Reading my social media feeds this week, you would think that the only way to train a dog is NEVER with this tool or ONLY with this tool, to ONLY feed this diet because this diet KILLS dogs, to NEVER allow your dog carry out this behaviour, ONLY get dogs from this source…and so on and on.
I understand that social media, as a communication tool, facilitates this polarisation, but as professionals, surely we have responsibilities in recognising and understanding the nuances in human-dog interactions.
We espouse “science” and “evidence” bases but yet commit science- sins of absolutism and declarations of ‘fact’ and ‘proof’ based in anecdote and bias.
The bottom line is that dogs and humans have been together, in one way or another, for many tens of thousands of years (if not longer). Both humans and dogs are complex social creatures, who bring lots of variability and flexibility to the table. Dogs are super-dooper adaptable, which is a feature that has probably allowed them to develop such close and intense relationships with us.
My clients are, for the most part, regular pet owners. They have busy lives, to which their dog is an addition, and their pet must slot in. My job is to help them help their dog to do that.
In essence, what I am doing is helping them meet their pet dog’s needs, improving its welfare, so that their relationship blossoms.
Sharing extremes is likely not helpful. My responses to queries about trying or avoiding such recommendations tend to range from “maybe that’ll work” to “that might not work in this situation”.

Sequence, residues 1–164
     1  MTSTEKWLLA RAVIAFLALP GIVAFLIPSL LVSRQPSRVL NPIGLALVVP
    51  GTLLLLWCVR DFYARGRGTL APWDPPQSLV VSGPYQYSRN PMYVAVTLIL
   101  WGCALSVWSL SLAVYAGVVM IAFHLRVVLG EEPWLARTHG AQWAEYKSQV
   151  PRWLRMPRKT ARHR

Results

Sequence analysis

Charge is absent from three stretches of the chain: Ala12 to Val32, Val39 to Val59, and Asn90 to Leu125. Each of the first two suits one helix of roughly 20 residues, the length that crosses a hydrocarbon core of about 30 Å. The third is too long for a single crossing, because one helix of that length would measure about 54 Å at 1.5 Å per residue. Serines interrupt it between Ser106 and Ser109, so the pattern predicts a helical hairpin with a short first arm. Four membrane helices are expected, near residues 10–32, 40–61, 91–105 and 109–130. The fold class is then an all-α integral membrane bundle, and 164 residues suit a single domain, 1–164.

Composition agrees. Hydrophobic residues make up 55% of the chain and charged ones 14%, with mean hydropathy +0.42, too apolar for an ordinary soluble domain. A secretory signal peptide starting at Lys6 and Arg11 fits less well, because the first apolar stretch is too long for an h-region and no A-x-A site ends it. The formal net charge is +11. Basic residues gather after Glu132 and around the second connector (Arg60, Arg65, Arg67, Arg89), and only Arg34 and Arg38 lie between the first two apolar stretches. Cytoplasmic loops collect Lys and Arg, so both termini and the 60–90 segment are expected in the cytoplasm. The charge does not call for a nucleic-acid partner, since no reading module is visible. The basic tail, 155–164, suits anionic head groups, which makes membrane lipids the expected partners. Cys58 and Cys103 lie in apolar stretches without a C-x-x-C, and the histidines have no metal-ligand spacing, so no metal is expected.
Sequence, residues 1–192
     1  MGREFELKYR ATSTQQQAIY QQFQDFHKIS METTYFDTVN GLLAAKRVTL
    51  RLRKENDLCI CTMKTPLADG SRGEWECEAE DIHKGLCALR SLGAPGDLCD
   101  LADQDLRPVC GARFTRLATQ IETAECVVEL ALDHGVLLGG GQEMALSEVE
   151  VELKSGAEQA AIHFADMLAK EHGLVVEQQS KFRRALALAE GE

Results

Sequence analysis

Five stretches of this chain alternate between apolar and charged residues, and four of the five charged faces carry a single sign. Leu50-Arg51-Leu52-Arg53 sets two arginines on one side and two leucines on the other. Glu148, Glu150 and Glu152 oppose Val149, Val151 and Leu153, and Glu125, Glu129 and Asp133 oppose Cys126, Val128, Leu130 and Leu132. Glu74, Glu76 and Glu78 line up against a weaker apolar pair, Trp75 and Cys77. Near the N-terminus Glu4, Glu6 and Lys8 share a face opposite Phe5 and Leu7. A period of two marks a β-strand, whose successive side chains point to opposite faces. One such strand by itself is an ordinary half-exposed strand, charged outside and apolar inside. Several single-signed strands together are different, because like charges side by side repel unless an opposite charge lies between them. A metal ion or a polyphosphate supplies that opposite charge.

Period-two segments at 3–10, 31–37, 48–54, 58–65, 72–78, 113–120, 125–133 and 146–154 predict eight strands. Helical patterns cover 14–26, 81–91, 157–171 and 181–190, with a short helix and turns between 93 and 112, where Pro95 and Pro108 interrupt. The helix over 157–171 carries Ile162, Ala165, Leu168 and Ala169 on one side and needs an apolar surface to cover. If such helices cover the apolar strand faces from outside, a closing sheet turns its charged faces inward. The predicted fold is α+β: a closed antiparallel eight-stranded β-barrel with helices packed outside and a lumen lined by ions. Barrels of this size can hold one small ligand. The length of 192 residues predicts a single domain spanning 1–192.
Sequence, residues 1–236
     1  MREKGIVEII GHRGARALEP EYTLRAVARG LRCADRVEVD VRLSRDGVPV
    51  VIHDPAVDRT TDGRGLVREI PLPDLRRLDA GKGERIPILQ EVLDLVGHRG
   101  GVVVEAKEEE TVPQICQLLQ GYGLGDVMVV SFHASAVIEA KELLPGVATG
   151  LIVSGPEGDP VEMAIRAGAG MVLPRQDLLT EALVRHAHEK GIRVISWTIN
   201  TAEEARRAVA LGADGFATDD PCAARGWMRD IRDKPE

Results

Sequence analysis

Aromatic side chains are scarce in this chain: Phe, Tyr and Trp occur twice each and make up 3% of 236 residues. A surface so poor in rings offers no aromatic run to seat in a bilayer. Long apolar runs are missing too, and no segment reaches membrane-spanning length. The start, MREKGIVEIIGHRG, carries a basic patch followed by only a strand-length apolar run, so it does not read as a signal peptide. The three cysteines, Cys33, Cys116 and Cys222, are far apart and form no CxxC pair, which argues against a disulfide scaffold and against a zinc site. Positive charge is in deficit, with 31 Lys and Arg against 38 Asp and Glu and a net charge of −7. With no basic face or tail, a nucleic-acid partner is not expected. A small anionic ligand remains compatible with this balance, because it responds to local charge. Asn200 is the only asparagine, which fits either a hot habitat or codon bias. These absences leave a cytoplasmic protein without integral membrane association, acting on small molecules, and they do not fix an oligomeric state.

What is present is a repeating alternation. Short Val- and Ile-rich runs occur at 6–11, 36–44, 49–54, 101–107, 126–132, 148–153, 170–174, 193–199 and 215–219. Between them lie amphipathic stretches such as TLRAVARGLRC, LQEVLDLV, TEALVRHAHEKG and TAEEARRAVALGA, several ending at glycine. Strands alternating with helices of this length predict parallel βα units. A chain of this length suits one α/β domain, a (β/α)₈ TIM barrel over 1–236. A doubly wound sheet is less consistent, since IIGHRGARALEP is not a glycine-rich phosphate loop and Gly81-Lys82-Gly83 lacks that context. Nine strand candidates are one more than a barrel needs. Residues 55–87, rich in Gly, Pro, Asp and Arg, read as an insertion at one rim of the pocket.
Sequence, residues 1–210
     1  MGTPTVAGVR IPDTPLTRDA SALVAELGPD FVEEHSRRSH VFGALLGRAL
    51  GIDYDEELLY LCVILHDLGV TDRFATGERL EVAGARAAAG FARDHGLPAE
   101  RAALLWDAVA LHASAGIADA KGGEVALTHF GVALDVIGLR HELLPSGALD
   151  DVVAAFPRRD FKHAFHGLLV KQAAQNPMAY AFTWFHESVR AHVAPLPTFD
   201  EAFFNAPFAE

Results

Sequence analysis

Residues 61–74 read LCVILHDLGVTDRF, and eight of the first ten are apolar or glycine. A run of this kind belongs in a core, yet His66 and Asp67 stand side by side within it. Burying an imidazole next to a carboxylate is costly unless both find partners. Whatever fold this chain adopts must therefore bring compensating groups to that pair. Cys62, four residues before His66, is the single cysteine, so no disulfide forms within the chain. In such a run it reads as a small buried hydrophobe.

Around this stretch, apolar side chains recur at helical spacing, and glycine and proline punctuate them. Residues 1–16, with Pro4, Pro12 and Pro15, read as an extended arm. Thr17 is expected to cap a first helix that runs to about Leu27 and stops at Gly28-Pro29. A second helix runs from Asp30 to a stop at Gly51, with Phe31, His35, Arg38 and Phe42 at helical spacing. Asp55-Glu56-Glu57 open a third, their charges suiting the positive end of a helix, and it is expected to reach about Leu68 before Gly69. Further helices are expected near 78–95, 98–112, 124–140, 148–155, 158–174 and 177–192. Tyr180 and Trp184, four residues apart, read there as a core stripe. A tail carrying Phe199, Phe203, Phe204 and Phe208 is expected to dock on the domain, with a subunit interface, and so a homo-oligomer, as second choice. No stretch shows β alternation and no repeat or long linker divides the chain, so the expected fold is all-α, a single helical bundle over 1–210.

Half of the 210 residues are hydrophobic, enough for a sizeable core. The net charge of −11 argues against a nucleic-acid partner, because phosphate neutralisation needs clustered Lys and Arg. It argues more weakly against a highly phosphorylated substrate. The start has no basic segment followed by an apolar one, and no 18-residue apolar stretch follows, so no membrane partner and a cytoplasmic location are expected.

Behaviour is such a loose and flexible phenomenon that binding it in absolutes is not helpful. Many, many factors contribute, some within our control and some without.
What works for this person, this dog, this context, on this day, may be very different for another person or dog, or another context or day.
I am not at all suggesting that rules and laws don’t apply to behaviour, but rather the application of same, in every day life, may be a greyer area altogether.
My clients need help fitting their dog and its needs into their lives. That requires compromise and discussion, rather than dictating and self-righteousness.
Social media is powerful, but can be a dangerous place for novices, who may be impressionable or naive.
Yes, lots of training-cultural norms need to be challenged and re-challenged, and I enjoy that and the accompanying learning curve, but not at the expense of discussion, preference and appreciation for variation in approach.
By opening up, rather than shutting down arguments for or against, we can debate and discuss, and learn and adapt. Absolutes and definites shut that down, scare away newbies and make dog training a dictatorship, rather than an applied science that can be molded and shaped to help pet owners and their pets.